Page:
So in one fight, Guida goes from putting on a performance (with Jackson in his corner) worthy of being an ambassadorial effort for the masses, to a boring point-sparrer. This is the biggest problem with the boring Jackson stigma—it's a self-fulfilling prophecy. Fighters can give dozens of exciting performances, but as soon as they put on one sub-par outing, it must be Jackson's fault.
Frankly, that makes no sense.
3. Critics see everything through GSP-tinted glasses.
It's no secret that Georges St-Pierre has hit a bit of a rough patch with the Internet faithful. The much-maligned welterweight champ hasn't finished a fight since 2009, and he has placed a premium on takedowns, positional control and a general aversion to risk.
As Jackson's most famous fighter, St-Pierre has become a poster child for what fans think they hate about Jackson's camp. And I won't defend him here, as discussing St-Pierre's title reign deserves more than a couple of token paragraphs.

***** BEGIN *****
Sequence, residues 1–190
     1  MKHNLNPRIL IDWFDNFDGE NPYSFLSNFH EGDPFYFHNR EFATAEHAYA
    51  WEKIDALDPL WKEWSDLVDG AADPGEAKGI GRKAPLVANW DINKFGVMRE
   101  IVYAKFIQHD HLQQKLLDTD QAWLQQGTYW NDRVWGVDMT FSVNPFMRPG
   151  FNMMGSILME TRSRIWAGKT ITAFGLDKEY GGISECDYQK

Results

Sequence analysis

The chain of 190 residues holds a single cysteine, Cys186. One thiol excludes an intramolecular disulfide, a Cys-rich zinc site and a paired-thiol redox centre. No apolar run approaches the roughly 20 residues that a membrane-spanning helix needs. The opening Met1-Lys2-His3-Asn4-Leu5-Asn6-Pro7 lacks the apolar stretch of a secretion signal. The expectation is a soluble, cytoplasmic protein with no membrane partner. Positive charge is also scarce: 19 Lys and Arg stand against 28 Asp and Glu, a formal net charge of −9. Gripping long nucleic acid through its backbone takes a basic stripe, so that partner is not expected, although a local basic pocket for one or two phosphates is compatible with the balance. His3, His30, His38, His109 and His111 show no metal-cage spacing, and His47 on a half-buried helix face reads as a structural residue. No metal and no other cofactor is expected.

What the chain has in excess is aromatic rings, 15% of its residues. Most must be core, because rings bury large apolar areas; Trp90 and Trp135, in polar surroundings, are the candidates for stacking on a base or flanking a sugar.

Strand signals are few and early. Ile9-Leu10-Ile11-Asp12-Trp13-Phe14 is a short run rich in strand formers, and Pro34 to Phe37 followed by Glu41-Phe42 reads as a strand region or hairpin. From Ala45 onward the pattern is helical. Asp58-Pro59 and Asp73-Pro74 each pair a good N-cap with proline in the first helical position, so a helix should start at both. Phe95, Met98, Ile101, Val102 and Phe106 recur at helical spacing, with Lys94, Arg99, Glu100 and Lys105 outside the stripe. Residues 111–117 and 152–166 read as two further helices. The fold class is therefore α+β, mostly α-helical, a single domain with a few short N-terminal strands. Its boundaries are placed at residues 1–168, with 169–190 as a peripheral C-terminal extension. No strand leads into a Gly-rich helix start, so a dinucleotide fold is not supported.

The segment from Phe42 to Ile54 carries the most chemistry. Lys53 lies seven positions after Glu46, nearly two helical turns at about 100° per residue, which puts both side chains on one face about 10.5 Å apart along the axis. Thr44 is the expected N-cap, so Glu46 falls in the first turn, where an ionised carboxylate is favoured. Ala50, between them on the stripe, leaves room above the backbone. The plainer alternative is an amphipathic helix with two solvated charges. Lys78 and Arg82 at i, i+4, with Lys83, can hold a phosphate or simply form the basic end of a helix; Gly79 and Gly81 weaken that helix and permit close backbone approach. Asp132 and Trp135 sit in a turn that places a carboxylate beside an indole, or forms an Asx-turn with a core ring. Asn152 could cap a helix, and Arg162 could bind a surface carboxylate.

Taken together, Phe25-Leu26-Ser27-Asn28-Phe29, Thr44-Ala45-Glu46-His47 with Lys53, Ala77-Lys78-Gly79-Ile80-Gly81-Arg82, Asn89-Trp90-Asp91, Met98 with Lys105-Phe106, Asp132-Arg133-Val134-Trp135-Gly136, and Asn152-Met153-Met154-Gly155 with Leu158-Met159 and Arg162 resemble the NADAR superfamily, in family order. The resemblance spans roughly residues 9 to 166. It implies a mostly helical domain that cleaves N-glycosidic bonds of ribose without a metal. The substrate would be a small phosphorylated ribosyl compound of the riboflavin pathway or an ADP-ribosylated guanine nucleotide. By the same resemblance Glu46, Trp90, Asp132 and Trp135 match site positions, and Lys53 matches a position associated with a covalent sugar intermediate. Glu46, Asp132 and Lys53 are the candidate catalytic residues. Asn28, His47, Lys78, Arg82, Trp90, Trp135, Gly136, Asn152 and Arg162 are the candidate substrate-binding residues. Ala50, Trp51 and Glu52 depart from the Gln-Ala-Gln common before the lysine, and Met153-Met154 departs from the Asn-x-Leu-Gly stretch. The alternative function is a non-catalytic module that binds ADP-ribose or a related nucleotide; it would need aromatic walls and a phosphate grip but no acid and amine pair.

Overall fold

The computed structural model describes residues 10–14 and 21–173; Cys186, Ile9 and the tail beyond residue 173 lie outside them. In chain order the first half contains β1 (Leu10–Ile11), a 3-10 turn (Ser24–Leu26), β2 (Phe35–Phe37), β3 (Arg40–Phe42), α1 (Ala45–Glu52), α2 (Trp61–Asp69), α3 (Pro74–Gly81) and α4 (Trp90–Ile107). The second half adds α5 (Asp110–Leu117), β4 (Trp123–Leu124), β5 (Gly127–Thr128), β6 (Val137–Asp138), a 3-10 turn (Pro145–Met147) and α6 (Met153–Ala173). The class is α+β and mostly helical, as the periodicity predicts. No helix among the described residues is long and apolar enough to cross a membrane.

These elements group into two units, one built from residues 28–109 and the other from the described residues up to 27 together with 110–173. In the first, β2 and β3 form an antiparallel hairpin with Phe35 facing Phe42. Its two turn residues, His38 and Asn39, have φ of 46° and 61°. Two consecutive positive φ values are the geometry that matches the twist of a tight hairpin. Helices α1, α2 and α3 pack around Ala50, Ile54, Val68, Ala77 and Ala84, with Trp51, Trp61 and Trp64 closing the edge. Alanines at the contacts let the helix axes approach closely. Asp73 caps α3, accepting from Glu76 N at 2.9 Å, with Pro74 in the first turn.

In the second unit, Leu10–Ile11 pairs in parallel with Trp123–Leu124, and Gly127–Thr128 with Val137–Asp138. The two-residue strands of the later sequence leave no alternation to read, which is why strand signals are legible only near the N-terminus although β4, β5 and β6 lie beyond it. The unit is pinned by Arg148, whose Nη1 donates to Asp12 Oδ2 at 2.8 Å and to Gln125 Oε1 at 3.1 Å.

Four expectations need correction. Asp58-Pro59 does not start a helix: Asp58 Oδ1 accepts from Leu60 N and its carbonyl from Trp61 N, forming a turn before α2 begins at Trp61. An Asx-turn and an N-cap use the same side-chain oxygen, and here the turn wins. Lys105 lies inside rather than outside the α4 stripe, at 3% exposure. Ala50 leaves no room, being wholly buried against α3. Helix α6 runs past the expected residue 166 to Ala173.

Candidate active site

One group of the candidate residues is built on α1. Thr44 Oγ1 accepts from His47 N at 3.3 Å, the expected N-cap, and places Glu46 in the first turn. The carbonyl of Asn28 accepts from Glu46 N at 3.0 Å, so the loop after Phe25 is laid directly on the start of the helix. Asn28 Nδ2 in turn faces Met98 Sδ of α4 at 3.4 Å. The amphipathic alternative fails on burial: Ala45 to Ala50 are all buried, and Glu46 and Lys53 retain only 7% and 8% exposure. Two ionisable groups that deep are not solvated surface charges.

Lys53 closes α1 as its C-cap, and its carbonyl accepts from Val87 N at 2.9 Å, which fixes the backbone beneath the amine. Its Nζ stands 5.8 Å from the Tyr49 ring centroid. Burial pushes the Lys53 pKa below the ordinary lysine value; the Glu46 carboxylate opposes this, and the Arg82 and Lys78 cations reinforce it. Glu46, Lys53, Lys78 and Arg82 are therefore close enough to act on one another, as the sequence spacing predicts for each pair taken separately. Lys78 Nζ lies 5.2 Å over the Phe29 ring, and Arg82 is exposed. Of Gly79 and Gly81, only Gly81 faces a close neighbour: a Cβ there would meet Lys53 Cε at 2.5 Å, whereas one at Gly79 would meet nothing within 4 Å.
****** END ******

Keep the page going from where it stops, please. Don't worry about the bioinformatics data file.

But I caution you, the fan, to not let your disappointment with St-Pierre's recent fights color your opinion of entire group of fighters, or a coaching staff, or a coach because I really believe that that is what has happened here.
Game plans are a necessary part of success in mixed martial arts, and having a game plan usually doesn't mean circling away from your opponent and peppering them with jabs. And the next time that one of Jackson's fighters fails to entertain—and with so many fighters seeking him out, there will be a next time—let's keep the discussion on the fight itself and not turn it into the same old song and dance.
Generalities are easy to write, but they rarely tell the whole story.